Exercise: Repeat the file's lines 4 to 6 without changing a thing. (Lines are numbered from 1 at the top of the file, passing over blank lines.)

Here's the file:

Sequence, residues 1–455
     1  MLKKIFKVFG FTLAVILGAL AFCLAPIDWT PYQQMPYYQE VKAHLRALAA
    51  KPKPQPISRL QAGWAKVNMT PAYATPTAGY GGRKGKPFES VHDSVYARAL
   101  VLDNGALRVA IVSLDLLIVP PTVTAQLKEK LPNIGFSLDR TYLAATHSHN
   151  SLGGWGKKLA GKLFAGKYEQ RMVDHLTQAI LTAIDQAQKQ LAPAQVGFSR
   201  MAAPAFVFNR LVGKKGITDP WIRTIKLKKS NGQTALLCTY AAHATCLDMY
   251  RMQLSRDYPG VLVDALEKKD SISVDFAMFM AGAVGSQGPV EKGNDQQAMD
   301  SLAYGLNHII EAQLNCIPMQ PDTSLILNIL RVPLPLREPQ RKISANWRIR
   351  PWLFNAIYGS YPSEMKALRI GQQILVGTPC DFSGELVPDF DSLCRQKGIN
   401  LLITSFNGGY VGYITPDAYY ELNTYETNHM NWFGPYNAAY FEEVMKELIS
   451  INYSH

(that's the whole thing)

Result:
   101  VLDNGALRVA IVSLDLLIVP PTVTAQLKEK LPNIGFSLDR TYLAATHSHN
   151  SLGGWGKKLA GKLFAGKYEQ RMVDHLTQAI LTAIDQAQKQ LAPAQVGFSR
   201  MAAPAFVFNR LVGKKGITDP WIRTIKLKKS NGQTALLCTY AAHATCLDMY